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Do clothes spread COVID-19 infection?

Do clothes spread COVID-19 infection?

Last Reviewed : 12/17/2020
Do clothes spread COVID-19 infection?

As COVID-19 continues to spread, everyone is taking stringent precautions to prevent the infection. Centers for Disease Control and Prevention (CDC) and World Health Organization (WHO) recommend several preventive measures like social distancing, wearing a face mask, regular hand washing, using disinfectants, and staying at home as much as possible to contain the disease.

As Novel Coronavirus can live outside human body on different objects for several days, there has been a concern if clothes can also carry COVID-19 infection. According to a study published in the New England Journal of Medicine, experiments were performed on plastic, stainless steel, copper and cardboard. Apparently, the virus was more stable on plastic and stainless steel than on copper and cardboard. Novel Coronavirus was found living on plastic up to 72 hours. On stainless steel, it was found living up to 48 hours. On copper, virus was viable for 4 hours. Virus was found viable on cardboard for 24 hours.

There is no research that looked at Novel Coronavirus survival on clothes. However, virus does not usually spread through porous surfaces like clothes. When infectious droplets settle down on clothes, they get absorbed into the fabric. The virus is not easily transmitted from clothes as it gets transmitted from other hard surfaces.

Nonetheless, the risk is not zero, especially if you are in a crowded place or when you interact with public constantly on your job. You may need to take certain precautions to prevent COVID-19 infection spread through your clothes.

  1. Leave your clothes outside: If you work in a grocery store or interact with public a lot, make sure to remove your clothes before you enter your home. Staying outside for a long time can get your clothes contaminated. You may have to leave your outer clothes before you enter your home.
  2. Do not shake your clothes: It is not safe to shake your clothes as the virus or the contaminated droplets that are stuck to the clothes may get into air.
  3. Wash your clothes: If you go outside for grocery shopping and come right back home without staying out for a long time, you don’t have to wash your clothes. If you interact with public on your job, you may have to wash your clothes every time you come home.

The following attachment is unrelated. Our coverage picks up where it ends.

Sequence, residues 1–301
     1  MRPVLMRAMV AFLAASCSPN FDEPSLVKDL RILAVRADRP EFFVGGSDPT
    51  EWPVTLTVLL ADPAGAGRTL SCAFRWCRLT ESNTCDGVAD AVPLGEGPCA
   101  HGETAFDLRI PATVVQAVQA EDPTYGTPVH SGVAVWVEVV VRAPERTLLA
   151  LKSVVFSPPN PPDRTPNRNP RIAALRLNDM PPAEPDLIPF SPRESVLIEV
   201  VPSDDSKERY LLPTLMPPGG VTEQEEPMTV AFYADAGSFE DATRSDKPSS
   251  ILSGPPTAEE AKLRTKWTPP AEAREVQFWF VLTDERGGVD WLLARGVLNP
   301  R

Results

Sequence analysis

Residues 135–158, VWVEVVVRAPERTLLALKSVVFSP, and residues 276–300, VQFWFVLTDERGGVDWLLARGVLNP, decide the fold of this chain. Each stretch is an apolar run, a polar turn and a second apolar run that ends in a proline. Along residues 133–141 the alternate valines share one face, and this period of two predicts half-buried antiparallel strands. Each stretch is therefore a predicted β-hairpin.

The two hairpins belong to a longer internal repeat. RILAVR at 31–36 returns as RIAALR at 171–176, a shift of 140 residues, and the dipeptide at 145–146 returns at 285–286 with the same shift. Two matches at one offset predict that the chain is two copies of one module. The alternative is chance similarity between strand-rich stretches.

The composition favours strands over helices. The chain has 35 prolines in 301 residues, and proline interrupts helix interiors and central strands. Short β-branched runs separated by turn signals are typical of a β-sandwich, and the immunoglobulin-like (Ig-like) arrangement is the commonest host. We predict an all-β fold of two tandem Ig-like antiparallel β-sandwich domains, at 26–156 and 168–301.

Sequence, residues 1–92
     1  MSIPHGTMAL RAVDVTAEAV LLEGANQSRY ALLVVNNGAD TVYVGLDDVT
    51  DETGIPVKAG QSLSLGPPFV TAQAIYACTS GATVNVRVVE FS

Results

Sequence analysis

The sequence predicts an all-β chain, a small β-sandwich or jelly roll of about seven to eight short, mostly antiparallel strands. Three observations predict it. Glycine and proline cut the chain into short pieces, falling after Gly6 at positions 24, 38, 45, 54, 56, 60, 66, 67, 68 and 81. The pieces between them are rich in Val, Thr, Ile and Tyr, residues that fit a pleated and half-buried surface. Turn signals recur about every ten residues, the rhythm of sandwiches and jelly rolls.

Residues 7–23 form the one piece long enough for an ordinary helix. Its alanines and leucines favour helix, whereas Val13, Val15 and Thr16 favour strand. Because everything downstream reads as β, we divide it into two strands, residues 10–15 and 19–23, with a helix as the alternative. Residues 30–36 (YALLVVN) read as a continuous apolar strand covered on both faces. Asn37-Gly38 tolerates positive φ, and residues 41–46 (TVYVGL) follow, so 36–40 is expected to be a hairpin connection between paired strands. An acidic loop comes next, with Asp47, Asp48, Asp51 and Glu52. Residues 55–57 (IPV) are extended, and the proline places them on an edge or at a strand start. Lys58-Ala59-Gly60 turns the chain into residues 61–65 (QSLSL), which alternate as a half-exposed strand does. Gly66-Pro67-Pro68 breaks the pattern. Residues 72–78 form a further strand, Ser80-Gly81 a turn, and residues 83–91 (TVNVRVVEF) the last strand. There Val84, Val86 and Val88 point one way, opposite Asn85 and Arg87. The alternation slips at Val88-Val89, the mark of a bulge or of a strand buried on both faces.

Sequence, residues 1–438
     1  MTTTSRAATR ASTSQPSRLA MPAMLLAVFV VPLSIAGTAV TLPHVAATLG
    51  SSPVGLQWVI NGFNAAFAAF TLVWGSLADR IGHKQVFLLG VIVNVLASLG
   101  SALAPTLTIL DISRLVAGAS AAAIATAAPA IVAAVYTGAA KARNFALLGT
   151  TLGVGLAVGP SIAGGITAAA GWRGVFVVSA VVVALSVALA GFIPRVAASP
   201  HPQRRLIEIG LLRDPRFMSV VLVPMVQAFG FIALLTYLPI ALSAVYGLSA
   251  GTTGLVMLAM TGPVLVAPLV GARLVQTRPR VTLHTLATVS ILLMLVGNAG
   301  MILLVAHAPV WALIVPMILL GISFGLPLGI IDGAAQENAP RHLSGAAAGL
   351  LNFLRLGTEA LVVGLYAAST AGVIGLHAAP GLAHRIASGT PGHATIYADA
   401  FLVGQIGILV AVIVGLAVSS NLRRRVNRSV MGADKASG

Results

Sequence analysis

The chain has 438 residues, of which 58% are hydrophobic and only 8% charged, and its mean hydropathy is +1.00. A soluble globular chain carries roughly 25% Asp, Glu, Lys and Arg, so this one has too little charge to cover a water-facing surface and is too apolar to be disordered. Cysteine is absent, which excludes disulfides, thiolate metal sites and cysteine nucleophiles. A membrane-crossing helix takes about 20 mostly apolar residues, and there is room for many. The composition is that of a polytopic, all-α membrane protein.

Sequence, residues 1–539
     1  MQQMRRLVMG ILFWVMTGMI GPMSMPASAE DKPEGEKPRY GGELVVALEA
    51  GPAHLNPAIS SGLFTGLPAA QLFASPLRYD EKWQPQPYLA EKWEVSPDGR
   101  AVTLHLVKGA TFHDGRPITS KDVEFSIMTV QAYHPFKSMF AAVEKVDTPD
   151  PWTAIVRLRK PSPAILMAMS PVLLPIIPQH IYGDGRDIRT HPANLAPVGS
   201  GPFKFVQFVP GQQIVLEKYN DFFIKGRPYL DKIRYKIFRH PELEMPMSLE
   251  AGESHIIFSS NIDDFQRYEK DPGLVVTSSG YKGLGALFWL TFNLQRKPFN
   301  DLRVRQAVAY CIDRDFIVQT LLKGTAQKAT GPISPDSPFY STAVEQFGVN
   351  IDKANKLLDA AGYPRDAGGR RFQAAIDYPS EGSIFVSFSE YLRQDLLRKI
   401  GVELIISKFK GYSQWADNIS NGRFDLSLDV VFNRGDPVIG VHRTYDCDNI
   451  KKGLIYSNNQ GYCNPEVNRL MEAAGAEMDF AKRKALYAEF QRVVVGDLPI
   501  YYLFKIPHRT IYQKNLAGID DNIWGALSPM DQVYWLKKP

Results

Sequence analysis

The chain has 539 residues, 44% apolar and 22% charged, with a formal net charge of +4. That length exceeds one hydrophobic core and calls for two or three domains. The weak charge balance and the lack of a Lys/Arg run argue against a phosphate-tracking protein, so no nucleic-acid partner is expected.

4. Use hot water: Novel Coronavirus can be inactivated, if it is exposed to a temperature of 70 C for 30 minutes. Use hot water to wash your clothes.
  5. Use detergent: Novel Coronavirus can be killed with most of the detergents that are used. To make sure if your detergent can kill the virus, check the following link where The Environmental Protection Agency (EPA) published all the disinfectants that can kill the virus.

https://www.epa.gov/pesticide-registration/list-n-disinfectants-use-against-sars-cov-2

  1. Beware of jackets: Jackets and synthetic clothes do not absorb droplets. Infectious droplets may settle on the jackets and may easily get transmitted, unlike regular clothes.
  2. Washing clothes of a COVID-19 affected person: Make sure to use gloves when dirty clothes are handled. Use the hottest temperature possible to wash the clothes. Sick person clothes can be washed along with healthy person clothes as detergent will kill the virus. Dry clothes thoroughly before folding them.
  3. Using laundromats: While it is safe to use laundromats during this pandemic, it is important to maintain social distancing. Use detergent and the hottest temperature possible. The risk of COVID-19 spreading from a washer or dryer in a laundromat is close to zero.

 

References:

  1. Stability and inactivation of SARS coronavirus. Rabenau HF et al. Med Microbiol Immunol. 2005 Jan;194(1-2):1-6.
  2. Heat inactivation of the Middle East respiratory syndrome coronavirus. Leclercq I et al. Influenza Other Respir Viruses. 2014 Sep;8(5):585-6. doi: 10.1111/irv.12261. Epub 2014 Jul 29.

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